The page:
As is shown in greater detail in FIG. 5, each nozzle assembly includes a front face 36 that presents an array of orifices 38. The orifice arrays of the nozzle assemblies 34 extend generally parallel to one another and generally perpendicular to direction in which the articles pass in front of the printhead. This direction, generally illustrated with the arrow 40, is referred to herein as the processing direction. The housing includes a print face or plate 42 which includes a front opening 44. The nozzle assemblies 34 are mounted within the housing such that their front faces align with the front opening 44 so that ink drops expelled from the orifice arrays 38 impact on articles that pass in front of the opening 44.
In prior printhead designs, the housing has generally been constructed to prevent ink, dust and other contaminates from entering the interior compartment of the housing. One reason for sealing the housing was to protect electronics contained within the housing from such contaminants. In such designs, the size of the front opening in the print face has typically been minimized so as to minimize the gap between the print face and the nozzle assemblies. Further, the gap between the print face and the nozzle assemblies has traditionally been sealed, e.g. by an elastomeric gasket.
By contrast, a printhead according to certain aspects of the present invention the front opening 44 functions as an air passage 46 to create positive air flow past the orifice arrays 38. The front air passage 46 surrounding at least a portion orifice arrays 38 to allow air to pass between the exterior and interior of the housing 32. The front air passage 46 is preferably formed by enlarging the front opening such that it extends laterally beyond the side edges 50 of the nozzle assemblies 38. As can be seen in FIG. 5, this results in a first gap or opening 52 on the upstream side of the nozzle assemblies 34 and a second gap 54 on the downstream side of the nozzle assemblies 34. The widths D1, D2 of the gaps 52, 54 will depend on the specific printing application and may need to be varied depending on factors such as line speed and throw distance, for example. Moreover, the widths D1, D2 need not be the same. Satisfactory results have been achieved with widths ranging from 0.125 inches to 0.5 inches.
The housing 32 preferably includes at least one additional air passage 48 or opening between exterior and the interior of the housing. In the embodiment shown in FIGS. 2-4 the housing includes air passages 48 in its side walls. The air passages 46, 48 facilitate positive air flow past the orifice arrays 38 to reduce the accumulation of debris around the orifice arrays 38. The printhead 30 could additionally or alternatively be equipped with means such as a fan or vacuum (not shown) to facilitate air flow through the front air passage. As will be appreciated, the vacuum could be used in lieu of the additional air passages. In such a design the vacuum could be connected directly to the front air passage 46 to draw air and contaminants and excess in through the front air passage 44 and away from the orifice array(s) 38. Alternatively, the vacuum could be connected to draw air out of the housing, e.g., through the passages 48, thereby causing air to flow into the housing through the front opening 44. An example of such an arrangement is shown in FIG. 3B, where the vacuum assembly shroud 49 that overlies the side passages 48. The shroud 49 is interconnected to the main vacuum unit 51 via a hose 53. The vacuum unit draws air out of the housing 32 through the openings 48, which in turn causes air to flow into the housing through the front air passage 44.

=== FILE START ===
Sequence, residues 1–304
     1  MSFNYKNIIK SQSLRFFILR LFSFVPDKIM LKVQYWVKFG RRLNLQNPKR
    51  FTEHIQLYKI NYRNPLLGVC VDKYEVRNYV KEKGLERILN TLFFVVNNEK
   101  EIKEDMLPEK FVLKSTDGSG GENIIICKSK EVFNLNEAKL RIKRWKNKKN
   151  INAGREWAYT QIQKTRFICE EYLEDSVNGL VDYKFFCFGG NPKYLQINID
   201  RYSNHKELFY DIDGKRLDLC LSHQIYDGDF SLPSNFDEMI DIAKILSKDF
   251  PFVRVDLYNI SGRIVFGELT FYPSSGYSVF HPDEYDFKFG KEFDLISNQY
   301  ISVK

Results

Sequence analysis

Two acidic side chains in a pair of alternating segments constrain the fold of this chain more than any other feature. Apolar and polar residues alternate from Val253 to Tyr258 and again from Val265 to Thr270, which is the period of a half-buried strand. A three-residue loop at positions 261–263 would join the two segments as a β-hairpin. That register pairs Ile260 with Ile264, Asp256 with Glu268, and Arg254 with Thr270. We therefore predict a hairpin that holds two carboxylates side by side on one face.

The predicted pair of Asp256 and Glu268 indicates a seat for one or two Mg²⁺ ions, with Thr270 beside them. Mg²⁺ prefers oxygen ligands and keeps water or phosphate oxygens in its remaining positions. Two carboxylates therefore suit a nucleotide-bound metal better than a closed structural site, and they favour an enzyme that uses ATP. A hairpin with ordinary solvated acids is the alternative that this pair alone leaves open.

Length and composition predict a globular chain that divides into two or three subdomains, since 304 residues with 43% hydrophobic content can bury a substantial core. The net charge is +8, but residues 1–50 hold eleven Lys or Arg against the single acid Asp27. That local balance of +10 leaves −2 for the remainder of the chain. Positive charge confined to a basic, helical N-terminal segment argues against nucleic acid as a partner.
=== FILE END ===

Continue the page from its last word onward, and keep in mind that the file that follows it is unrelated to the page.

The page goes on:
The printhead 30 may also comprise a means for collecting ink that flows into said housing through said front air passage 44. The means may comprise an absorbent material (not shown) positioned within the housing, adjacent the front passage 44. Alternatively, the means may comprise a vacuum for collecting ink and other contaminants that enter the housing through the front passage.